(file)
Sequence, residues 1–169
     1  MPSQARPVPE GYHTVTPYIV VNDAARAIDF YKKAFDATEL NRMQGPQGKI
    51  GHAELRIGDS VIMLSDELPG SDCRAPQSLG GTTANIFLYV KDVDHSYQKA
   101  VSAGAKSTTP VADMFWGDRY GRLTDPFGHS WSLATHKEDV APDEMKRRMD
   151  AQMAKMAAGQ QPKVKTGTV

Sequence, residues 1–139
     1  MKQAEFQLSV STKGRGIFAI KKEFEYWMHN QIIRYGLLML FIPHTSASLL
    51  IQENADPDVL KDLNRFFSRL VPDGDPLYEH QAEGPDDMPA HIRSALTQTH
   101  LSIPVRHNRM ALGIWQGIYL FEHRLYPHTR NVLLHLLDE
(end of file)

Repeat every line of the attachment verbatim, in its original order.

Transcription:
Sequence, residues 1–169
     1  MPSQARPVPE GYHTVTPYIV VNDAARAIDF YKKAFDATEL NRMQGPQGKI
    51  GHAELRIGDS VIMLSDELPG SDCRAPQSLG GTTANIFLYV KDVDHSYQKA
   101  VSAGAKSTTP VADMFWGDRY GRLTDPFGHS WSLATHKEDV APDEMKRRMD
   151  AQMAKMAAGQ QPKVKTGTV

Sequence, residues 1–139
     1  MKQAEFQLSV STKGRGIFAI KKEFEYWMHN QIIRYGLLML FIPHTSASLL
    51  IQENADPDVL KDLNRFFSRL VPDGDPLYEH QAEGPDDMPA HIRSALTQTH
   101  LSIPVRHNRM ALGIWQGIYL FEHRLYPHTR NVLLHLLDE